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A myocardial perfusion scan is a type of nuclear medicine imaging test. This means that a tiny amount of a radioactive substance, called a radioactive tracer (also called a radiopharmaceutical or a radionuclide), is used during the scan to help show the tissue under study, in this case, the heart.
A resting myocardial perfusion scan is used to assess blood flow to the heart muscle and determine what areas of the heart tissue have decreased blood flow. The is done by injecting a radioactive tracer (usually thallium or technetium) into a vein in the arm or hand. The tracer travels through the bloodstream and is absorbed by the healthy heart muscle. On the scan, the areas where tracer has been absorbed look different from the areas that do not absorb it. The tracer may not be absorbed due to damage to the tissue from decreased or blocked blood flow.
Possible reasons a resting myocardial perfusion scan may be done include:
There may be other reasons for your healthcare provider to recommend a resting myocardial perfusion scan.
Except for the needle used to put in the IV, this test does not cause pain.
The injection of the radioactive tracer may cause some slight discomfort. Allergic reactions to the tracer are rare.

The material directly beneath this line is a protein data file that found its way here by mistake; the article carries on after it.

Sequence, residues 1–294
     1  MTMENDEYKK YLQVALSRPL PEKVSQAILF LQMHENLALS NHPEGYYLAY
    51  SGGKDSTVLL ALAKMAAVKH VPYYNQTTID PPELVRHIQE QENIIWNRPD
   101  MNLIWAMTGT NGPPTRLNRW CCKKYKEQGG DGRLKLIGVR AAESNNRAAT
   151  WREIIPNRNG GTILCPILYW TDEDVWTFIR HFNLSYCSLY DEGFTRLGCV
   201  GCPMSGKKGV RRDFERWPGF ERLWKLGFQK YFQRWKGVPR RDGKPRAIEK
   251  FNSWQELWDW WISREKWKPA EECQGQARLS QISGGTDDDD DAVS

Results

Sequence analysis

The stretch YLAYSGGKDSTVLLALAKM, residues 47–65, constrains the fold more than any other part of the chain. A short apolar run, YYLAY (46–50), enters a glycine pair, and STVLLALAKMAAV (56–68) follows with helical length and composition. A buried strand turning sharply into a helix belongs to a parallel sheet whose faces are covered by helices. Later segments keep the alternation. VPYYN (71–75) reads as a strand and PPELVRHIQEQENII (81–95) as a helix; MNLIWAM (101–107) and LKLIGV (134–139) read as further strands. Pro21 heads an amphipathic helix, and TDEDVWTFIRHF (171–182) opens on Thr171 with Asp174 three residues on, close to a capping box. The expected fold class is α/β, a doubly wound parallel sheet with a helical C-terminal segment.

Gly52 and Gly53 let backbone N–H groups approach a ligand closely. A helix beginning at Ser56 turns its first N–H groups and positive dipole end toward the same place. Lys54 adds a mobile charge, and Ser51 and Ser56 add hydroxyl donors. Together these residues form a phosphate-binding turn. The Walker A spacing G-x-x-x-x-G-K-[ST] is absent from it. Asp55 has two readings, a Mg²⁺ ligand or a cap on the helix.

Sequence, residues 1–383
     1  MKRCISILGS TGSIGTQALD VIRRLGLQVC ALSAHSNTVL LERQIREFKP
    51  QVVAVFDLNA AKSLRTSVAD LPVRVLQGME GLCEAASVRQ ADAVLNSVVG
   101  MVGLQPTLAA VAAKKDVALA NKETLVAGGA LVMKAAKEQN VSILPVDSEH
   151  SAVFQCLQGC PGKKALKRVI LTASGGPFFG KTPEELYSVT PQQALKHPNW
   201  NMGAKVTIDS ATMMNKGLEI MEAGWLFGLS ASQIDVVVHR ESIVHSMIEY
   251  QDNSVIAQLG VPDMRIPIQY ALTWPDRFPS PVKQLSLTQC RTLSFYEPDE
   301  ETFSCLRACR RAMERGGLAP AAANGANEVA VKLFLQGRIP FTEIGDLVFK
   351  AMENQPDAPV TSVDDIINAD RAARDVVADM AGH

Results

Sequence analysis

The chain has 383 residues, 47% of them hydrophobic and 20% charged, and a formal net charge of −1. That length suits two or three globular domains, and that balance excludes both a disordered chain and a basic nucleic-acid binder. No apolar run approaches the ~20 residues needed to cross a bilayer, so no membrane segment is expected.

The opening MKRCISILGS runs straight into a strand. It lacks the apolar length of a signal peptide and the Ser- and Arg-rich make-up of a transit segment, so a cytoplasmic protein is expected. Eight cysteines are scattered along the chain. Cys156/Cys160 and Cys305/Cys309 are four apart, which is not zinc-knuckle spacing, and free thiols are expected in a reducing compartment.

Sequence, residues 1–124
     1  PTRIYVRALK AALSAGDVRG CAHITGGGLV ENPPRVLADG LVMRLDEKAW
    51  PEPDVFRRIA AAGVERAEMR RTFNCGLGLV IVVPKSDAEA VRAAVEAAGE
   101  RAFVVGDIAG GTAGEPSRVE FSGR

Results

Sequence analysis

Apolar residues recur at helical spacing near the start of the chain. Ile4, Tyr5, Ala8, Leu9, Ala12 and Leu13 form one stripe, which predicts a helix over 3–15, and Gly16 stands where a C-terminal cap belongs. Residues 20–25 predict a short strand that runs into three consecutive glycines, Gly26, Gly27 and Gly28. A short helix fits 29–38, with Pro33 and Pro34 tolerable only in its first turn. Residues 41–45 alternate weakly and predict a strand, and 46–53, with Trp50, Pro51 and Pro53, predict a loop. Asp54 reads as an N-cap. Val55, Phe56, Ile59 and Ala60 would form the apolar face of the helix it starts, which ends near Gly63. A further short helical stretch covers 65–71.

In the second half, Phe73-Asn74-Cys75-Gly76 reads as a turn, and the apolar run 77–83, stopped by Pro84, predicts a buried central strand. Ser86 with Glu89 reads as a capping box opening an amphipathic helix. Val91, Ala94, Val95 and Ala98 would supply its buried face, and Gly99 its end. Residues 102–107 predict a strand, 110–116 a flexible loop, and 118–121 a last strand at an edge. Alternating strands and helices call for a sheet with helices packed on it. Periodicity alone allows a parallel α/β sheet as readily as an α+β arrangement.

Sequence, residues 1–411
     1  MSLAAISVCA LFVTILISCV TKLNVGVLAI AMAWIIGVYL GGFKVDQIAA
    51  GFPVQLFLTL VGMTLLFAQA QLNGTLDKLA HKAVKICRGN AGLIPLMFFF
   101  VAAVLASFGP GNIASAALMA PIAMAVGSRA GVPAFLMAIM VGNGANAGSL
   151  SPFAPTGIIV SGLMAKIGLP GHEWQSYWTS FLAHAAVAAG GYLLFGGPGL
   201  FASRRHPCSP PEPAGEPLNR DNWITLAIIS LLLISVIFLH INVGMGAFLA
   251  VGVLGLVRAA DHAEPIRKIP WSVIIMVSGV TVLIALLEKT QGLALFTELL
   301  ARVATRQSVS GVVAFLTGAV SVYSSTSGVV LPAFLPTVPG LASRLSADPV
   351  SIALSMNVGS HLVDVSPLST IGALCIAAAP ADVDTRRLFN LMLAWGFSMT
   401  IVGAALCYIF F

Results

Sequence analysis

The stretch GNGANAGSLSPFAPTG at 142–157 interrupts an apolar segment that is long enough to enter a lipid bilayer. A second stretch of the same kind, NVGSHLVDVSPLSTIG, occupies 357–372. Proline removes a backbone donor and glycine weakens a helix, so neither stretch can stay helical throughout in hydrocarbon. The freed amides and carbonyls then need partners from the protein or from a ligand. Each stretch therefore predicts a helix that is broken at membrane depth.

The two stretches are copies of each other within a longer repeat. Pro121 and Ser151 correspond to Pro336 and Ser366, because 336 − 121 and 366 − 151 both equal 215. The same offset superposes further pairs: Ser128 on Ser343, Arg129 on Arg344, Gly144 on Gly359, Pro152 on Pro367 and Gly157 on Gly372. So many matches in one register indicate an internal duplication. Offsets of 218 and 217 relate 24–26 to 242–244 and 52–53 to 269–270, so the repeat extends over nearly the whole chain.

You may want to ask your healthcare provider about the amount of radiation used during the procedure and the risks related to your particular situation.
There may be other risks depending on your specific medical condition. Be sure to discuss any concerns with your healthcare provider prior to the procedure.
Certain factors may interfere with or affect the results of this test. These include, but are not limited to, the following:
A resting myocardial perfusion scan may be done on an outpatient basis or as part of your stay in a hospital. Procedures may vary depending on your condition and your healthcare providers practice.
Generally, a resting myocardial perfusion scan follows this process:
You should move slowly when getting up from the scanner table to avoid any dizziness or lightheadedness from lying flat for the length of the procedure.
You will be instructed to drink plenty of fluids and empty your bladder frequently for 24 to 48 hours after the test to help flush the remaining radioactive tracer from your body.
The IV site will be checked for any signs of redness or swelling. If you notice any pain, redness, and/or swelling at the IV site after you return home, you should notify your healthcare provider as this may be a sign of infection or other type of reaction.
Your healthcare provider may give your additional or alternate instructions after the procedure, depending on your particular situation. If the perfusion scan indicates you may have a serious or life threatening cardiac disease, your healthcare provider may talk to you about a same-day cardiovascular procedure.
Before you agree to the test or the procedure make sure you know:
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